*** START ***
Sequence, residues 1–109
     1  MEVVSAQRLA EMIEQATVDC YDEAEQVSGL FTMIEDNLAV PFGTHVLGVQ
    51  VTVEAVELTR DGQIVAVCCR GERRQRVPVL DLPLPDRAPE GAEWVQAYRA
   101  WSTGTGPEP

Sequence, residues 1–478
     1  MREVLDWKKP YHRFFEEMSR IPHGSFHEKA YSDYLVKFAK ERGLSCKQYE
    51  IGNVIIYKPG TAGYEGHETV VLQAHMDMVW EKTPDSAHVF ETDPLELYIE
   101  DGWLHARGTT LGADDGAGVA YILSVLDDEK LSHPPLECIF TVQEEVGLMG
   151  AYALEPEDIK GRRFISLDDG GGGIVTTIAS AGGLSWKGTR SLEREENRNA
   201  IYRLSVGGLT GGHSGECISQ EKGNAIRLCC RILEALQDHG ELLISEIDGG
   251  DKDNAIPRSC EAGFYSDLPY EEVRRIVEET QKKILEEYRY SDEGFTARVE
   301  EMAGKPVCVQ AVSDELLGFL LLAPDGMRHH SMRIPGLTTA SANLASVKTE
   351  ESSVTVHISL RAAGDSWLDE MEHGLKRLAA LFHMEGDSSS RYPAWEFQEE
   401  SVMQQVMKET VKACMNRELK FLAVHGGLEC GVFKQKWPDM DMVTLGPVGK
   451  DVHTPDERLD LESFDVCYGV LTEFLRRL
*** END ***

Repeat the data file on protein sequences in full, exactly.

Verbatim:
Sequence, residues 1–109
     1  MEVVSAQRLA EMIEQATVDC YDEAEQVSGL FTMIEDNLAV PFGTHVLGVQ
    51  VTVEAVELTR DGQIVAVCCR GERRQRVPVL DLPLPDRAPE GAEWVQAYRA
   101  WSTGTGPEP

Sequence, residues 1–478
     1  MREVLDWKKP YHRFFEEMSR IPHGSFHEKA YSDYLVKFAK ERGLSCKQYE
    51  IGNVIIYKPG TAGYEGHETV VLQAHMDMVW EKTPDSAHVF ETDPLELYIE
   101  DGWLHARGTT LGADDGAGVA YILSVLDDEK LSHPPLECIF TVQEEVGLMG
   151  AYALEPEDIK GRRFISLDDG GGGIVTTIAS AGGLSWKGTR SLEREENRNA
   201  IYRLSVGGLT GGHSGECISQ EKGNAIRLCC RILEALQDHG ELLISEIDGG
   251  DKDNAIPRSC EAGFYSDLPY EEVRRIVEET QKKILEEYRY SDEGFTARVE
   301  EMAGKPVCVQ AVSDELLGFL LLAPDGMRHH SMRIPGLTTA SANLASVKTE
   351  ESSVTVHISL RAAGDSWLDE MEHGLKRLAA LFHMEGDSSS RYPAWEFQEE
   401  SVMQQVMKET VKACMNRELK FLAVHGGLEC GVFKQKWPDM DMVTLGPVGK
   451  DVHTPDERLD LESFDVCYGV LTEFLRRL